racter.

His disposition was haughty, severe, and in- His cha flexible: and his natural severity, heightened by bigotry, was never mitigated by experience; for his character was better adapted to sustain adversity with patience, than prosperity with modera

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BOOK tion. The mediocrity of his genius was compensated, imperfectly, by application to business. He introduced a strict œconomy into the revenues of Scotland, but was never able to comprehend the extensive, and reciprocal interests of the people and the throne. His sincerity appears the more estimable when compared with his brother's; but he contemned, and without scruple perverted the impartial administration of justice; and his promises were sometimes infringed from the suggestions of his bigotry, sometimes from the pernicious maxim of state necessity. On his return, he forgot the moderation which he had observed in his former visit; and if he continued affable to the tories, as the royalists were now denominated, his mind, exasperated perhaps by a ludicrous incident which I shall proceed to relate, appeared inexorable towards the fanatics, of whose support he despaired. Having engrossed the administration to himself, he formed a motley party, composed of Lauderdale's opponents and friends; and impatient of an honourable exile, dispatched his favourite Churchill to solicit his recall, which was still inexpedient, or permission to hold a parliament in Scotland, which it was impossible to refuse29.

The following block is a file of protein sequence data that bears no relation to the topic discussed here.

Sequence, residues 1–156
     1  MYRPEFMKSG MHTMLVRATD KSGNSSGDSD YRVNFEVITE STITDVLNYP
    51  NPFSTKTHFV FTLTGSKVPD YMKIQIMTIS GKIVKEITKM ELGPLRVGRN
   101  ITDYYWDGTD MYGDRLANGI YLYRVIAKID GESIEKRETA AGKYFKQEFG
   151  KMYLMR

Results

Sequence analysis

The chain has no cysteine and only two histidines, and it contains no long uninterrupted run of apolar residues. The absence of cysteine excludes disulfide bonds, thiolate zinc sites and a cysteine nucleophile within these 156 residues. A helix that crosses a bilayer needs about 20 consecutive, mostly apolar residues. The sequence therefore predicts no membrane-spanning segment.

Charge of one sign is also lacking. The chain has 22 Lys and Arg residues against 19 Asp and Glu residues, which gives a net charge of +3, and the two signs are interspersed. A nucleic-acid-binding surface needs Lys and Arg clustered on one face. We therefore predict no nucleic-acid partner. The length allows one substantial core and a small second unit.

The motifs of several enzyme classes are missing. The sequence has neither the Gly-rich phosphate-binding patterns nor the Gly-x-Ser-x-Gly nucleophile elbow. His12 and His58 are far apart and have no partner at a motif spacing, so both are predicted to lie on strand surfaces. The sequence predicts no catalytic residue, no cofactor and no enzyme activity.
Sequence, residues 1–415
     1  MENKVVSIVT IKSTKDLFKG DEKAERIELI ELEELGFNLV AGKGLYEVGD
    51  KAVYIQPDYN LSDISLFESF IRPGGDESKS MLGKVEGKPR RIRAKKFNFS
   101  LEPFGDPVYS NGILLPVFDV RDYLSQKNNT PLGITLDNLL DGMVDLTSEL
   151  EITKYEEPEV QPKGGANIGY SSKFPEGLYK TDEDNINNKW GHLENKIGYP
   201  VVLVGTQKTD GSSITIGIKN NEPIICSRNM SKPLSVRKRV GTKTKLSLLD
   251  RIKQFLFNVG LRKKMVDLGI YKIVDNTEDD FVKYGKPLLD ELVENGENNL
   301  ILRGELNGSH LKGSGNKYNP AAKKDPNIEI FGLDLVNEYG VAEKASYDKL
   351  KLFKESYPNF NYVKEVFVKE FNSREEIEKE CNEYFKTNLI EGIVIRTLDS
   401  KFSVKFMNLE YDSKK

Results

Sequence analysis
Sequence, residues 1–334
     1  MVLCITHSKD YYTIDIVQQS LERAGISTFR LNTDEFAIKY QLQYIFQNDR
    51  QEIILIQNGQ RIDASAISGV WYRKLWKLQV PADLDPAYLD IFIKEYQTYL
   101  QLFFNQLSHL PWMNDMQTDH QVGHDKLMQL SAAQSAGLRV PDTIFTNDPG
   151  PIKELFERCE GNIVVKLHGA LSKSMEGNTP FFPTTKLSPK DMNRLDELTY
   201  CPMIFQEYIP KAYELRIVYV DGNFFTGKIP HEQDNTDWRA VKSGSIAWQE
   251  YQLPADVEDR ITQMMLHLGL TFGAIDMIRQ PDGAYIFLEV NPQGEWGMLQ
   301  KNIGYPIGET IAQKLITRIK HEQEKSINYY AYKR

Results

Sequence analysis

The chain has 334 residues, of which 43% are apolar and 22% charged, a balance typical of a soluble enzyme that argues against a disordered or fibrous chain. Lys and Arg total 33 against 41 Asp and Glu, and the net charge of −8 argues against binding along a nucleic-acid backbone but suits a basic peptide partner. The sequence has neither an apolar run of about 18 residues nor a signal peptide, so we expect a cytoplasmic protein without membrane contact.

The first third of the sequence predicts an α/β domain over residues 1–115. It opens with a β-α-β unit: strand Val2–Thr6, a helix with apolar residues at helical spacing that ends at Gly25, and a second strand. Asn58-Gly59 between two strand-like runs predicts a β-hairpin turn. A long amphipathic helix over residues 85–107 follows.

University

shut up.

The students at the university of Edinburgh, had engaged by an oath to burn the pope in effigy at Christmas. Notwithstanding the vigilance of

29 Fountainhalls' Memoirs, MS.

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the magistrates and the military, to prevent this BOOK juvenile insult to the duke's religion, they accom plished their purpose with much fortitude and address. The imprisonment of these youthful patriots was resented by the populace. The blue ribbon of the covenant30 was revived by boys and apprentices, with an inscription against the pope; and the court party retorted by wearing red ribbons, with a device expressive of their abhorrence of fanaticism. Amidst these absurd disputes, the provost's house was burnt to the ground. The accident was ascribed to revenge, and although no discovery was made, the university was shut up, and the students were expelled for a time from the town. These incidents convinced the discerning Churchill that the duke was unable, without his brother's support, to maintain himself in Scotland, much less to assert his right of succession by arms 31.